QUANTICO, Va. -- Here at "the crossroads of the Marine Corps," some officers are uneasily pondering a paradox: No service was better prepared than the Marines for the challenges of post-invasion Iraq, yet no service has found its mission there more unsettling to its sense of itself.
When asked in 1997 to describe the kind of conflict for which Marines were training, Gen. Charles Krulak, then the Corps' commandant, replied with one word: "Chechnya." He meant ethnic and sectarian conflict in an urban context. He spoke of "the three-block war" in which a Marine wraps a child in a blanket, then is a buffer between warring factions, then engages in combat, all within three city blocks.
For Marines, however, fighting such a war for more than four years jeopardizes the skills essential to its core mission -- combat as an expeditionary force. Marines have not conducted a major amphibious landing since Inchon in Korea, but the Corps, which specializes in operational maneuver from the sea, remains, in theory, a force that penetrates, performs, then departs. Marines say: The nation needs the Army, Navy and Air Force, but it wants the Marine Corps as an expeditionary power, more than just a miniaturized Army.
Marines have an institutional memory of "small wars," from the Philippines to Central America, and this competence serves them well in Iraq, which is, an officer here says, "a thousand microcosms." But the exigencies of the protracted Iraq commitment have forced the Marines to adopt vehicles that are heavier and bigger than can easily travel with an expeditionary force on ships. And there is tension between the "nation-building" dimension of the Marines' Iraq mission and the Corps' distinctive warrior (BEG ITAL)esprit(END ITAL), which is integral to why the nation wants the Corps.
Officers studying here at the Marine Corps University after tours in Iraq dutifully say they understand that they serve their combat mission -- destroying the enemy -- when they increase the host nation's capacity for governance. Besides, says one officer, when his units are helping with garbage collection they know that "garbage collection is a matter of life and death because there are IEDs (improvised explosive devices) hidden under that garbage."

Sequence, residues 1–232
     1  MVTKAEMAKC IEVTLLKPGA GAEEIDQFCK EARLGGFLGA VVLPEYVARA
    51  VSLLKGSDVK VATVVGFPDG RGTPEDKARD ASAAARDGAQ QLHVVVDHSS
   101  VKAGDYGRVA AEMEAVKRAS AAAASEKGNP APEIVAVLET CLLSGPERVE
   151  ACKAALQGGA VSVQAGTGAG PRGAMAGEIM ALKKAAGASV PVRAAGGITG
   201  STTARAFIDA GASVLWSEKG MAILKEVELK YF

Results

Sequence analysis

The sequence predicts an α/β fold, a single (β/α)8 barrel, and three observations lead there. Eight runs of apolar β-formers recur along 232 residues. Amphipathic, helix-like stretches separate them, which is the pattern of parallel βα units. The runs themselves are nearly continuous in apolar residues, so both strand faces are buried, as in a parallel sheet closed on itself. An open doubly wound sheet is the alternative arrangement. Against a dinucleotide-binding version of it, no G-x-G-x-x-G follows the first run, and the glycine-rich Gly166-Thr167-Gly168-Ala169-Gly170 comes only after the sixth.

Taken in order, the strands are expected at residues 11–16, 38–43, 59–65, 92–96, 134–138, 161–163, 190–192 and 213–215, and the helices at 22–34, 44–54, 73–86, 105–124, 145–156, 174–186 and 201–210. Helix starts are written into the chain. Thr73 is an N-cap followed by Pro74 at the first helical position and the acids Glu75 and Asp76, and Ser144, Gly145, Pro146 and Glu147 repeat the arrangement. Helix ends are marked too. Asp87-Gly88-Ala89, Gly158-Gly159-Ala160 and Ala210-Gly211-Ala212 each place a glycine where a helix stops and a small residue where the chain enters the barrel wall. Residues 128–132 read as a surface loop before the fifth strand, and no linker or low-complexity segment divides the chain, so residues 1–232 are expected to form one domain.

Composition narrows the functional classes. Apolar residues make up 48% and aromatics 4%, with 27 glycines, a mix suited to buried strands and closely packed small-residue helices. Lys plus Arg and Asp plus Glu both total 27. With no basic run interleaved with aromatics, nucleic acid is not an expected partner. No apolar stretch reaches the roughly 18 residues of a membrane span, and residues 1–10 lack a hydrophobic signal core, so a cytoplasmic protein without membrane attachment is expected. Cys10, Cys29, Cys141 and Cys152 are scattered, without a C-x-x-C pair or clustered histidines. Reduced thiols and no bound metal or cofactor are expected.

Still, no one becomes a Marine to collect garbage or otherwise nurture civil societies. And as one officer here notes with some asperity, there is "no Goldwater-Nichols Act for the rest of the government." That act mandated "jointness" -- collaborative operations -- by the services. Civilian agencies that do not play well together have fumbled the ball in Iraq, and the military has been forced to pick it up. This draws the military deeper into the sensitive responsibility for tutoring civilians who assign the forces nonmilitary tasks.
The political dimension of leadership training remains, however, secondary to instruction in military valor. The other services tend to teach leadership prescriptively, with rules. The Marines teach descriptively, with storytelling about what happened on the sea wall at Tarawa (1943), at Korea's Chosin Reservoir (1950), in Vietnam's Hue city (1968). But there is another story pertinent to providing military advice that can assure civilian comprehension of military functions.
Early in the Kennedy administration, when there was talk about a U.S. invasion of Cuba, Gen. David M. Shoup, Marine commandant, gave President John Kennedy and his advisers a tutorial. David Halberstam wrote in "The Best and the Brightest":
"First he took an overlay of Cuba and placed it over the map of the United States. To everybody's surprise, Cuba was not a small island along the lines of, say, Long Island at best. It was about 800 miles long and seemed to stretch from New York to Chicago. Then he took another overlay, with a red dot, and placed it over the map of Cuba. 'What's that?' someone asked him. 'That, gentlemen, represents the size of the island of Tarawa,' said Shoup, who had won a Medal of Honor there, 'and it took us three days and 18,000 Marines to take it.'"
Because of the dispersed battlefield in Iraq, company commanders must make instantaneous decisions that battalion commanders used to make, and corporals are making decisions that officers used to make reflecting -- and affecting -- the Marine Corps' ethics and core values.
Still, "it's a beautiful thing being in Iraq," says one officer, "because you aren't worrying about Corporal Jones stateside getting a DUI." That is the durable voice of the Marine Corps, which is "first to fight," and is happier when doing so than when dealing with garrison duties stateside or chores properly belonging to civilian agencies abroad.